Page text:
Active citizenship in South Africa at a healthy level

Active citizenship MokonoMatjididi Mokono (centre) is an example of active citizenship in motion. She opened up an orphan centre in 2002 to feed and educate children in the village of GaMagoa in Limpopo. Active citizenship in South Africa has risen in recent years. (Images: Shamin Chibba)

More than 10 years ago, when Matjididi Mokono was a primary school teacher, she looked at her community in GaMagoa, Limpopo, and saw its children struggling to live. They were not being fed well enough, many lived with their grandparents, and they were trying to get by in an environment rife with crime, alcoholism and drug abuse.

Mokono did something about it. She left her post as a teacher and started Mponogele Le Iterele Orphan Centre under a tree. The initiative was meant to feed and educate the local children. “I wanted to help the children and support their family members who feel overloaded too,” she said.

So successful was the project, Mokono started receiving support from the likes of Eskom, Brand South Africa and even overseas funders. Today, the centre has moved from the tree to a property with a small hall, a kitchen and even a computer room.

It is people like Mokono who are pushing up South Africa’s score on the active citizenship index, which currently sits at 68%.

The index forms part of Brand South Africa’s Domestic Perceptions Survey, which measures both active citizenship and social cohesion. It also contributes to developing an understanding of how South Africans perceive the nation brand based on national pride, attitudes, values and beliefs. On the whole, the survey found South Africans to be positive and optimistic about the future of the country.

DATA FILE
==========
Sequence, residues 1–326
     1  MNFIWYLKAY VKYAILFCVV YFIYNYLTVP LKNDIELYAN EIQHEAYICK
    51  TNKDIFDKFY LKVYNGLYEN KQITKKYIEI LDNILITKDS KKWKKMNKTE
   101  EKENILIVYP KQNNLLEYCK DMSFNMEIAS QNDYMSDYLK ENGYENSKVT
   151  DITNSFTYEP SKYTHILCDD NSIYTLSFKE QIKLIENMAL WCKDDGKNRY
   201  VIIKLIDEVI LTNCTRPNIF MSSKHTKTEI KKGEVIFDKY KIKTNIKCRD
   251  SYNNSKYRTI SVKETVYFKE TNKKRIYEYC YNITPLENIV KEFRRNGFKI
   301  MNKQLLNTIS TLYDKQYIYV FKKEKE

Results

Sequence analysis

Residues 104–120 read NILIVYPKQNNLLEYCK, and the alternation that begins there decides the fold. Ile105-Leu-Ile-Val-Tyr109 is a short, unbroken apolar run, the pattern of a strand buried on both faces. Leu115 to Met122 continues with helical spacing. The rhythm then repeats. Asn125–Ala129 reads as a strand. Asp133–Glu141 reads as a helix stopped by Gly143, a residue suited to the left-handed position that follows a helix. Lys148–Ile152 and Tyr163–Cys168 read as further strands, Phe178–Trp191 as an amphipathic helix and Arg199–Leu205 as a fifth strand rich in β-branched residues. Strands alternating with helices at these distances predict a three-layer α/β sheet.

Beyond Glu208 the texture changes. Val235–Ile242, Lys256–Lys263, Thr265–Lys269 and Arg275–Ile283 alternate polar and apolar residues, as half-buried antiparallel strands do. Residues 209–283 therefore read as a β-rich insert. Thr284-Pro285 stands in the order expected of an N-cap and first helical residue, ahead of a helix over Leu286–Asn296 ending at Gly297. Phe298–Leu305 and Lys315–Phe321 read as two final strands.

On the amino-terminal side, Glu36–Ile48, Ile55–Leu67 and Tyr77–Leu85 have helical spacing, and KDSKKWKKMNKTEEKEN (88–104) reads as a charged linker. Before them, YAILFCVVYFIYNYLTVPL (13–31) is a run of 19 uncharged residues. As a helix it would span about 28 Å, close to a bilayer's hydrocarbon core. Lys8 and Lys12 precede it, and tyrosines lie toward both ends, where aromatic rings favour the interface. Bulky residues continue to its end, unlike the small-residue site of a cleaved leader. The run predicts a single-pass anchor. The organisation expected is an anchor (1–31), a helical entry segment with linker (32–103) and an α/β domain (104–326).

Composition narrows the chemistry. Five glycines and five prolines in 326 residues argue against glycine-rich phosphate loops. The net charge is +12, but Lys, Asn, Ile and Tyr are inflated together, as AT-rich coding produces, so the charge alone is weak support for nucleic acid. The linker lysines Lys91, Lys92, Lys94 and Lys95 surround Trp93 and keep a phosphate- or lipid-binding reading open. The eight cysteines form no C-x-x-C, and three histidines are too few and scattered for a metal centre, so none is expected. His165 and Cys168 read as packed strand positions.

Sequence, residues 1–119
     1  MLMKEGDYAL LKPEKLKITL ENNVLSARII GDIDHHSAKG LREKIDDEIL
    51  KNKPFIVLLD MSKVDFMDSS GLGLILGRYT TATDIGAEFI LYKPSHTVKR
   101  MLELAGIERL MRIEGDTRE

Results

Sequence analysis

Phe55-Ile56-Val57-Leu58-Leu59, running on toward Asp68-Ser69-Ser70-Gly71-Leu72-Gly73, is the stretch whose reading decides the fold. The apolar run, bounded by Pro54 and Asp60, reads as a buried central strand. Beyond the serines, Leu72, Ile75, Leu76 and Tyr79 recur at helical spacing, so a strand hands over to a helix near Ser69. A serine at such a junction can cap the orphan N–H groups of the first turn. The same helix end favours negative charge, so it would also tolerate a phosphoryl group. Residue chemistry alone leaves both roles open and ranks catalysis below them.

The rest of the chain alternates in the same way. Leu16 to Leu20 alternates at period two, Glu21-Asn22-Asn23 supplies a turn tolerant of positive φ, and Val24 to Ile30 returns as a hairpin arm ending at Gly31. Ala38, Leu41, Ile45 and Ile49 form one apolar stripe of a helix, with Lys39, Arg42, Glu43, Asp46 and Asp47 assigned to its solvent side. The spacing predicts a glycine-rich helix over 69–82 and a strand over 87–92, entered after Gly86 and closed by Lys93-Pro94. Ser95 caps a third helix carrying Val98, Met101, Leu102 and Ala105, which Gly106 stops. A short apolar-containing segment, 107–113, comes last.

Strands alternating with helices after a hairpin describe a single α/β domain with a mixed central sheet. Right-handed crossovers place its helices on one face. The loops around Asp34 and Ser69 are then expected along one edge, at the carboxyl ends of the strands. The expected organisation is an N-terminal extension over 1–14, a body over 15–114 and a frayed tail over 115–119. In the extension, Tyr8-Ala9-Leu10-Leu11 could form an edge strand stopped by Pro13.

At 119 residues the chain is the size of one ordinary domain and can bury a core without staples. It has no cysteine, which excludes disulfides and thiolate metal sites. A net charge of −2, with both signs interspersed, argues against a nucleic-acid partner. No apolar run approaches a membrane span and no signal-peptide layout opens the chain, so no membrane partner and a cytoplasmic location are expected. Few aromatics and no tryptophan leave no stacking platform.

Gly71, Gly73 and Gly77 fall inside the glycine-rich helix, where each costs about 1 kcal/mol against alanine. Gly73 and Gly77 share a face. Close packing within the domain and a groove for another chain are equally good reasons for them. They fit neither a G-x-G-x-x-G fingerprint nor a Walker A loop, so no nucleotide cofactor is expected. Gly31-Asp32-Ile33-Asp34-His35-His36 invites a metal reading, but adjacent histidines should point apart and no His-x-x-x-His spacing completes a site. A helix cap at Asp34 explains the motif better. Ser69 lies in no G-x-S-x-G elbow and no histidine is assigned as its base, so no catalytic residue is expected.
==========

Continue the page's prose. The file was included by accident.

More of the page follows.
“South Africans tend to speak badly about themselves,” said Brand South Africa’s research manager Judy Smith-Höhn. “There’s a general tendency to say things are terrible. But what we are able to do is tell the positive story. We’re not looking to cover up challenges.”

ACTIVE CITIZENSHIP

While the active citizenship score was considered good, Smith-Höhn said there was still a lot of work to be done to take it to a level that was considered strong.

The score implies that more than half of South Africans participate actively in their respective communities. But the study sample showed that 29% were involved community members who were always willing to contribute to their communities. The bulk of the sample, 53%, would like to be involved members but did not always have the time or money to do so.

ctive citizenship 1Level of involvement by percentage. (Images: Brand South Africa)

ctive citizenship 2The above graph shows the extent of the respondents’ involvement in their communities. (Images: Brand South Africa)

SOCIAL COHESION

South Africans were starting to feel they belonged to the country and that they wanted to be here, said Smith-Höhn.

The country’s social cohesion score was 73 out of 100, which was a healthy sign, she said. “We have a very high social cohesion index, which is surprising if you think of where we come from as a country.”